Cybersecurity specialists from Fidus Information Security reported the detection of a critical zero-day vulnerability in Virgin Media Super Hub 3 whose successful exploitation would allow threat actors to reveal the real IP addresses of VPN users.
Tracked as CVE-2019-16651, the flaw was reported almost two years ago, although given its nature and delay in correction the technical details are known until now.
The researchers also claimed to have postponed their investigation for a year at the request of Virgin, which later acknowledged that its security teams were already working to find a solution to this flaw, described as an “external problem that could affect a small set of VPN clients.”
During its tests, Fidus was able to mount a DNS relay attack that revealed the IP address of a VPN user, for which it was only enough to redirect the target to a malicious website for a few seconds: “This attack variant turns the victim’s browser into a lethal weapon,” experts claim.
Experts managed to find the real IP addresses of multiple targets using some of the most popular VPN services today. It is important to mention that some providers seem to have this possibility, since in cases like this they can block access to a local IP address by default.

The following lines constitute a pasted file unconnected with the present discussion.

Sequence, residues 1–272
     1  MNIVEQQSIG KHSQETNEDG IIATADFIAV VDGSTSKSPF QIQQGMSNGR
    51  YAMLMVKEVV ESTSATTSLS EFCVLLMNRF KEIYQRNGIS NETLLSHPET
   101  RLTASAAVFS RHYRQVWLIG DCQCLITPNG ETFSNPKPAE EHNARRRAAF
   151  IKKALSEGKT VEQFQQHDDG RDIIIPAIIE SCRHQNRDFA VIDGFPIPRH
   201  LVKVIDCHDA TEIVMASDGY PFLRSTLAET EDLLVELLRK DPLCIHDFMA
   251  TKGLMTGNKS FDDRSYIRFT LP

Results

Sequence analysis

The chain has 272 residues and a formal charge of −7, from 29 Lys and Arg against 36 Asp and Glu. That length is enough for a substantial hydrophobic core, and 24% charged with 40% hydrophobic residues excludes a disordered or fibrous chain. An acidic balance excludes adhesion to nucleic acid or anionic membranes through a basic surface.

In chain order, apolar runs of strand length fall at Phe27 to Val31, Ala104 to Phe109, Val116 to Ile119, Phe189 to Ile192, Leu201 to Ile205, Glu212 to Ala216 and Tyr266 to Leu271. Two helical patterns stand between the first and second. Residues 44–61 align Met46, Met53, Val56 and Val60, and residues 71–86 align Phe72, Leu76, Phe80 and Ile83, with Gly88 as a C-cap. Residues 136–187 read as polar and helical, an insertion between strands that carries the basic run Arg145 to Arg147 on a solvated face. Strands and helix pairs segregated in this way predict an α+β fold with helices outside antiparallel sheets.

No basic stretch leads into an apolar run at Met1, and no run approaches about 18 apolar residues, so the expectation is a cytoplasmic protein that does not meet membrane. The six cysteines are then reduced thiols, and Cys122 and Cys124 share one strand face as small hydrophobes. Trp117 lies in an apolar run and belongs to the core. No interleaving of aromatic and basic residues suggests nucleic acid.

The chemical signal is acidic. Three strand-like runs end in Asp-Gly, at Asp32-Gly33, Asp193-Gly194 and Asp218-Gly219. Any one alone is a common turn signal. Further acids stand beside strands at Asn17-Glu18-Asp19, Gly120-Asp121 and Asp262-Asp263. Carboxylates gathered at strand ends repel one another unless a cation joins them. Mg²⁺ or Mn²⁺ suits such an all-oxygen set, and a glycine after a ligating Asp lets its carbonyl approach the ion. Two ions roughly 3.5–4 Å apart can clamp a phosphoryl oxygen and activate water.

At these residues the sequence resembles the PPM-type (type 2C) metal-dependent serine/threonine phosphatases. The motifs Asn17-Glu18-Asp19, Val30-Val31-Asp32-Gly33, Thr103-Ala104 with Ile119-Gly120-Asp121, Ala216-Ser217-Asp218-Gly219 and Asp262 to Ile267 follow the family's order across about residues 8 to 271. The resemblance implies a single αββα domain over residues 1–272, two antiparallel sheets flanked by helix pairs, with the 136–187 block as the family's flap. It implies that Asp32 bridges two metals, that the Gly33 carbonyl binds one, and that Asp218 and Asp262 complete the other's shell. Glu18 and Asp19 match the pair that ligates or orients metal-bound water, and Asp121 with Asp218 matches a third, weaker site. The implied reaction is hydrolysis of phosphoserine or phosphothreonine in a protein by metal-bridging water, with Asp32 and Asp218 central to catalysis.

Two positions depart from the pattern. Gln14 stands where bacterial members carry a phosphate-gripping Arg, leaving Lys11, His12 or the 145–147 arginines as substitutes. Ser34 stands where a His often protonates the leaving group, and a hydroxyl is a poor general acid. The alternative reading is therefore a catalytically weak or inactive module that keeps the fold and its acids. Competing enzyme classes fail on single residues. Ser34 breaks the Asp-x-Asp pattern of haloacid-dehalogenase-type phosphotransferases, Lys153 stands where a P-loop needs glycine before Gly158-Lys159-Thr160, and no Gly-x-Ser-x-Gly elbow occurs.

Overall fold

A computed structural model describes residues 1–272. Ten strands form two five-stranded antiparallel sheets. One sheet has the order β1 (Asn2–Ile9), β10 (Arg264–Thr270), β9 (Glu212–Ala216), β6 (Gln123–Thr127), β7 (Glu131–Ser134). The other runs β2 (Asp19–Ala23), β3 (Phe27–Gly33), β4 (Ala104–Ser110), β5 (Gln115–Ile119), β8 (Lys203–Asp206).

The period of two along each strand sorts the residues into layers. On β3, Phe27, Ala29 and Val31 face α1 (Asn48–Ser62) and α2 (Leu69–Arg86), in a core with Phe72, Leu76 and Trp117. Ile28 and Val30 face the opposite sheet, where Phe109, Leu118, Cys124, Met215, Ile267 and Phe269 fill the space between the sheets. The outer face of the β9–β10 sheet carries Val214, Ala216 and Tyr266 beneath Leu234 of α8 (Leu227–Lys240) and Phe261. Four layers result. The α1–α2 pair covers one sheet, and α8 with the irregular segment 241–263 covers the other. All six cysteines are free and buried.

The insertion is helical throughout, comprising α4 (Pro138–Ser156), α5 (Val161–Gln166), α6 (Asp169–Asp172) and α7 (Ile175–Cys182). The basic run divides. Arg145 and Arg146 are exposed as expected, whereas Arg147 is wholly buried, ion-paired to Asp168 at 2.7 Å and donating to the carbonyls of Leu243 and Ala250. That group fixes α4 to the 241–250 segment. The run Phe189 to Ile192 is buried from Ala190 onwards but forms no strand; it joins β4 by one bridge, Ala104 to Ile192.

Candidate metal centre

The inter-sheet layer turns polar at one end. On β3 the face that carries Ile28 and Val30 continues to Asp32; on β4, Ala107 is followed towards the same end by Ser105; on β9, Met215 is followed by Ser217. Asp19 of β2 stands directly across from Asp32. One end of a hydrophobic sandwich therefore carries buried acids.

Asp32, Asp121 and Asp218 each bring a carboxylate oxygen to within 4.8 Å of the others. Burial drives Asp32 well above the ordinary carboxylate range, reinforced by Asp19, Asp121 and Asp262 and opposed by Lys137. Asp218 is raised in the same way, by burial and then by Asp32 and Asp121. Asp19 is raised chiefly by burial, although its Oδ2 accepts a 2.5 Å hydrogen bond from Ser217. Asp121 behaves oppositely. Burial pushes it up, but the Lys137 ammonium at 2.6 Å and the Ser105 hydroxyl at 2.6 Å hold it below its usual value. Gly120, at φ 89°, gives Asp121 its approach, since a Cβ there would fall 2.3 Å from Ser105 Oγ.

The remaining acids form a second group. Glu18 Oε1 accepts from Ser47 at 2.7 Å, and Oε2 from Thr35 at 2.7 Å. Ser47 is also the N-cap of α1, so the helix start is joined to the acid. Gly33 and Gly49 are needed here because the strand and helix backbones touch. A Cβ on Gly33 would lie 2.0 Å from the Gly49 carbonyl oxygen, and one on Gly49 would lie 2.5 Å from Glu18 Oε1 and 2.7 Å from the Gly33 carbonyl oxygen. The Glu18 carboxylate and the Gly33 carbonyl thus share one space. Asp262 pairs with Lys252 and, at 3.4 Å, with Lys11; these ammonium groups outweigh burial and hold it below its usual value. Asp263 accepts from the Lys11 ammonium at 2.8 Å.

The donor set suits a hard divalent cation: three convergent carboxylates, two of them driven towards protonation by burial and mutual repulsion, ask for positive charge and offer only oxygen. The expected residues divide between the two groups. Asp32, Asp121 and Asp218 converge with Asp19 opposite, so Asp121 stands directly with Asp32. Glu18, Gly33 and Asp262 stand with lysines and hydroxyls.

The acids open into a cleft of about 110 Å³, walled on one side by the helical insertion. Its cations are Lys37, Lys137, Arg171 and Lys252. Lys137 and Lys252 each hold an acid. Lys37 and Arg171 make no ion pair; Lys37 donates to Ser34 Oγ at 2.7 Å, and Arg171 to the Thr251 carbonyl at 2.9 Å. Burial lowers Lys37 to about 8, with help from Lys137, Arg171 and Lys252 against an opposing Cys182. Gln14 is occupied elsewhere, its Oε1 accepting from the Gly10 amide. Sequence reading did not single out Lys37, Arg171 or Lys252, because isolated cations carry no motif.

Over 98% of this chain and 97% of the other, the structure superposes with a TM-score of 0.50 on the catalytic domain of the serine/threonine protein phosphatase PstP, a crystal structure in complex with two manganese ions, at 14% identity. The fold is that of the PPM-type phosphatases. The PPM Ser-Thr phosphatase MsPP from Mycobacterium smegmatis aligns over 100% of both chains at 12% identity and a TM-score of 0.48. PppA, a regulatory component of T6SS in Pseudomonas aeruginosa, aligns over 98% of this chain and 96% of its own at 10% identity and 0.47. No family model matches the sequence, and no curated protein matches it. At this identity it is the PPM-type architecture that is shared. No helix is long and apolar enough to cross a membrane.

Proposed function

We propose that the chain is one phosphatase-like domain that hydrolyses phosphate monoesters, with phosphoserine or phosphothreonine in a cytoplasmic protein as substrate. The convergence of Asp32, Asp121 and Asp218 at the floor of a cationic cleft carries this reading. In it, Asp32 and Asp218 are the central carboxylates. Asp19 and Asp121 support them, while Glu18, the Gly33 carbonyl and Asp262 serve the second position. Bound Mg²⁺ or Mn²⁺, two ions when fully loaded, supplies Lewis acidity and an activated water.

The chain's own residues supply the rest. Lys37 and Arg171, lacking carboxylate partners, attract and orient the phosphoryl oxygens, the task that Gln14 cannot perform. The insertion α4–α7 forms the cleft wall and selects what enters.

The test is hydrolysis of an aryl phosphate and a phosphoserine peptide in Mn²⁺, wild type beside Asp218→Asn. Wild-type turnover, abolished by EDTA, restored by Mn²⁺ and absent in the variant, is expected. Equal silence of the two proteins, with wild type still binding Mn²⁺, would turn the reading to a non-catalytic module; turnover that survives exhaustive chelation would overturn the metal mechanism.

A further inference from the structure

Still, experts believe that the risk to the privacy of millions of VPN users should not be underestimated, as this flaw is easily exploitable in the wild: “In theory, this flaw could be used on any popular website, revealing the true IP address of up to millions of users.”
Moreover, members of the cybersecurity community believe that it would also be possible for hacking groups sponsored by state actors to deploy large-scale exploitation campaigns of this flaw, which would put countless targets around the world at risk. In this regard, a Virgin spokesperson only commented that “hackers would require the conjunction of highly specific circumstances for a user to be affected, a possibility that is further reduced by talking about hundreds, thousands or millions of users.”
To learn more about information security risks, malware variants, vulnerabilities and information technologies, feel free to access the International Institute of Cyber Security (IICS) websites.
He is a well-known expert in mobile security and malware analysis. He studied Computer Science at NYU and started working as a cyber security analyst in 2003. He is actively working as an anti-malware expert. He also worked for security companies like Kaspersky Lab. His everyday job includes researching about new malware and cyber security incidents. Also he has deep level of knowledge in mobile security and mobile vulnerabilities.